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Themesicon: navigation pathOverview of Media Articon: navigation pathMuseum
Virtual Intelligence Mask (Acconci, Vito), 1993UTV (Unser Fernsehsender) (UTV), 1995Mobile TV (Huyghe, Pierre), 1997
Lying around lazy; Not even moving for TV, sweets, Coke, and vaseline (Rehberger, Tobias), 1996Interior Design for Space Showing Videos (Graham, Dan), 1986

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From form to platform

As well as articulating individual artistic positions, many artists are concerned at the same time about ‹public access›, in other words about universal access to the cultural history of images, about their share in manufacturing this history. While Nam June Paik dreams of a video archive of the avant-garde and a center for experimental arts,[43] Stan VanDerBeek talks about the «image library, newsreel of dreams, culture intercom» in his 1965 Manifesto.[44] In his vision, such centers develop «a material basis for dialogue with other centers at a picture speed of 186,000 miles per second»–an early vision of telematic installation and also of the WWW. Remarkably enough, the exhibition «Information» at MoMA New York presented the first information architecture as part of an exhibition as early as 1970. Thus the exhibition as a device reflects its own virtualization as part of a publicly accessible archive at a very early stage.[45] There are a number of artists who do not see themselves as media artists but have paid attention to specific media aspects and contexts. In «Information» these included Hans Haacke, but also see the later work of Vito Acconci, «Virtual Intelligence Mask» (1993); «UTV» (1994) by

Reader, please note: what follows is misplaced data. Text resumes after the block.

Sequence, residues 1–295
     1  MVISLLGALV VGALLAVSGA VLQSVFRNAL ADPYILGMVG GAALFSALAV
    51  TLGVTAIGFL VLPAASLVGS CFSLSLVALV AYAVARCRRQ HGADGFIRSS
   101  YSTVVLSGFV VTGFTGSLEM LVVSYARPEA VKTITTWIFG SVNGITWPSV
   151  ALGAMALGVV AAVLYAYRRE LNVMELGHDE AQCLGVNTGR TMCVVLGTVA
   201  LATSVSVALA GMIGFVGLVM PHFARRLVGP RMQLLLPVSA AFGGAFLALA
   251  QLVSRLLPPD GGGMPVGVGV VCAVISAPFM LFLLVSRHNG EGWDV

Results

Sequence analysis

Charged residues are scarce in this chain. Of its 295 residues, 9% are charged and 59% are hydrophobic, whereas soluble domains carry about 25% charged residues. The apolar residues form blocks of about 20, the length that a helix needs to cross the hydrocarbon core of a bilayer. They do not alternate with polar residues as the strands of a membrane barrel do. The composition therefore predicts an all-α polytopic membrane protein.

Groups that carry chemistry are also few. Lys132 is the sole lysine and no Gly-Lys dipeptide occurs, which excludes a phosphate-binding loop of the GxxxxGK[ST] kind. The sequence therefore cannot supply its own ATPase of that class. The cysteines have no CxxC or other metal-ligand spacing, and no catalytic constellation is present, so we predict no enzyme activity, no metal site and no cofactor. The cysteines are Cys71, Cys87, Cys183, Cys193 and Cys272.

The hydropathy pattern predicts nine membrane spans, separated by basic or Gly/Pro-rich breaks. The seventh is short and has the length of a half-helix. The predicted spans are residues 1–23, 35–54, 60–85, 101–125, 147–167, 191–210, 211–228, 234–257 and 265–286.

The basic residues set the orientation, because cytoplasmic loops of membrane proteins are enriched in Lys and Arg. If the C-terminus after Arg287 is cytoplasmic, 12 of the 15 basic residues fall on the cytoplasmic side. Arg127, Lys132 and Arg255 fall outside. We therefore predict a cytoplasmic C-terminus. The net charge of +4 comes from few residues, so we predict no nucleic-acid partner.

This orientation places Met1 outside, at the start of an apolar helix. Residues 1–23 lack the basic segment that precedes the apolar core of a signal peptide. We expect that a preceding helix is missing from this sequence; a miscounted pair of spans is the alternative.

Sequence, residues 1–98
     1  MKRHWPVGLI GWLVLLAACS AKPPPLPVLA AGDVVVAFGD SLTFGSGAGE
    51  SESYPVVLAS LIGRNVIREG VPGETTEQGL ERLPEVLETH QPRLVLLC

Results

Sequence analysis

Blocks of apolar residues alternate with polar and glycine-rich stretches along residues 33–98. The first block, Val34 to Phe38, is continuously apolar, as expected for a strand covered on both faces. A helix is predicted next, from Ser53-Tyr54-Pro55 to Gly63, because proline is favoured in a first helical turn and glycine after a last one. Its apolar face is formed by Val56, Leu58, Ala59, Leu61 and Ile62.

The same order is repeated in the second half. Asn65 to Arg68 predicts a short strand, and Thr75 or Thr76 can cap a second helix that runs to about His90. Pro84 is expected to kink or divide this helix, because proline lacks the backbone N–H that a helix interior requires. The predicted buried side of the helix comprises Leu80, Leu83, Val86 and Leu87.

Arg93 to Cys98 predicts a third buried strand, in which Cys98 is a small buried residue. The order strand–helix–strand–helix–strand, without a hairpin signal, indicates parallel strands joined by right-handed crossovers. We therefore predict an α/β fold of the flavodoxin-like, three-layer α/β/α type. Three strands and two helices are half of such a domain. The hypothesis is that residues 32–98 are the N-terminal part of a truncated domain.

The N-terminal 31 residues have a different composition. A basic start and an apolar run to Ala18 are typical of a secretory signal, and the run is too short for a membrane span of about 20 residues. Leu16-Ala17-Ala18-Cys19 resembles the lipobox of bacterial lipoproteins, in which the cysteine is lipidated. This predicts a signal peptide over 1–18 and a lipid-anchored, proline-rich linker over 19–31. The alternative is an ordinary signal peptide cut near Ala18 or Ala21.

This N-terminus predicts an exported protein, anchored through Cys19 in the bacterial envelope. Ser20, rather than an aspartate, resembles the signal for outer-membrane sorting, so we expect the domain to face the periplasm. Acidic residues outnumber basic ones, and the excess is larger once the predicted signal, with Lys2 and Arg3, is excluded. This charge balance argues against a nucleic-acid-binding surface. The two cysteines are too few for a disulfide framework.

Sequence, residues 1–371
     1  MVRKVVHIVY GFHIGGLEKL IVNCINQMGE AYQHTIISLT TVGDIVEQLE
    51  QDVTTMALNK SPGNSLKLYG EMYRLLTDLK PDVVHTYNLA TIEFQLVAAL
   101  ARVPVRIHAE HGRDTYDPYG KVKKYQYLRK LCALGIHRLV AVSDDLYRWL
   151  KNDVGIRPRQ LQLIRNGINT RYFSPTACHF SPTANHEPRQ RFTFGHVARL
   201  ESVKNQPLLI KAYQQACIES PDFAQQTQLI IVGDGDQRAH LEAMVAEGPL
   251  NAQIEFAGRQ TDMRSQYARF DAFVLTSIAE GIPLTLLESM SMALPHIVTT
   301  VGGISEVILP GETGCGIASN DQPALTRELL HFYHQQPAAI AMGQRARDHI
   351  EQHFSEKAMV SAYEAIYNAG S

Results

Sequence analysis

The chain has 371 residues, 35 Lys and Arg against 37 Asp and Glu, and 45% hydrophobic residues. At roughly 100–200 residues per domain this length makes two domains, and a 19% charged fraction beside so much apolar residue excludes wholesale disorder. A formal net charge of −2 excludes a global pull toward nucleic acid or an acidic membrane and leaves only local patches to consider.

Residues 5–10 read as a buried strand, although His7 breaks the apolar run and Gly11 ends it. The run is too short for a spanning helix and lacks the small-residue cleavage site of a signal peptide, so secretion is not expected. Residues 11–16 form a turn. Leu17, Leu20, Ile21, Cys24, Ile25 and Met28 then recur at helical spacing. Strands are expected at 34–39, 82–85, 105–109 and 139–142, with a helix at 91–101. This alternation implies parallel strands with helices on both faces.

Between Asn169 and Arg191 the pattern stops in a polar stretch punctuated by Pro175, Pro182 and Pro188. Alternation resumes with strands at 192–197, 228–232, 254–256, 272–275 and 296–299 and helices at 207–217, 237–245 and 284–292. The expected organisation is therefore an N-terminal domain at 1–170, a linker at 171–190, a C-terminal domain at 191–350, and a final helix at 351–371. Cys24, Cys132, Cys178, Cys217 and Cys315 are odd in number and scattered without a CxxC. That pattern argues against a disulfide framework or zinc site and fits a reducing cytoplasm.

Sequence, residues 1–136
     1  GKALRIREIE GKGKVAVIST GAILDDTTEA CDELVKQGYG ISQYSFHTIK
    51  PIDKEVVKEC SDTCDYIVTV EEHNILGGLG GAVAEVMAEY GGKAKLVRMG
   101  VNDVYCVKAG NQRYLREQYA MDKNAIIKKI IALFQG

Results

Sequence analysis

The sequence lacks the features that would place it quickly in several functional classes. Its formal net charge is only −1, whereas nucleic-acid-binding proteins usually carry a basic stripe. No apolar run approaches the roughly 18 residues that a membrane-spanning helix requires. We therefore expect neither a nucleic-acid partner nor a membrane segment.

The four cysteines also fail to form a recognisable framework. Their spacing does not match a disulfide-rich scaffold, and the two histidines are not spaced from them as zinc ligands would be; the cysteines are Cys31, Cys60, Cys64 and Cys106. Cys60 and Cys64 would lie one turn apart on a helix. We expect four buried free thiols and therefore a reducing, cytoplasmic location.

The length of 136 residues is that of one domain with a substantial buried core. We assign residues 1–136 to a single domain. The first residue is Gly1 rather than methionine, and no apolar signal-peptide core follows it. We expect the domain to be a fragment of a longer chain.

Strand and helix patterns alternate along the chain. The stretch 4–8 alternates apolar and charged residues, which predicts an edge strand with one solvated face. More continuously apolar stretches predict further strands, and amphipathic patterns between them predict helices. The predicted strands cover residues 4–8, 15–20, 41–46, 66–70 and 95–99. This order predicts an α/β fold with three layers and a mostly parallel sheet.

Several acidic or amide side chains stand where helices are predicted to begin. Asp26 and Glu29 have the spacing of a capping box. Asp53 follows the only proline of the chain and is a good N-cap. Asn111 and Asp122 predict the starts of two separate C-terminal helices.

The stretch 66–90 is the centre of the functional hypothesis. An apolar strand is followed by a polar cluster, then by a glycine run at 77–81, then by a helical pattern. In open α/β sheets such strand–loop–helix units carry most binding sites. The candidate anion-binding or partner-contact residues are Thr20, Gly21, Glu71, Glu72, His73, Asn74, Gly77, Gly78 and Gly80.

Heimo Zobernig and others; Pierre Huyghe «Mobile TV»; or Tobias Rehberger's «Lying around lazy. Not even moving for TV, Sweets, Coke, and Vaseline» (1996­1999), all of whom are interested in designing the electronic environment.[46] All the 1990s club culture video lounges transpose the concept of the open platform and link it with the idea of a ‹video-on-demand› system that was realized at media art festivals even in the early 1990s as a festival option, but then became a dominant theme because of the rise of the Internet. But the man who actually paved the way for this information architecture was Dan Graham, whose installations had already formulated his specific interest in architectural questions. His use of half-silvered glass then led him in 1986 to construct the first of a series of spaces for video display, «Interior Design for Space Showing Videos,» which as the title suggests could be seen as exhibition architecture, if they had not at the same time also reflected the media quality of our public and private spaces and to that extent also demonstrated an artistic concept. Graham has continued to explore the full range of this concept of transparent and open space until today in a series of works designed for public space.

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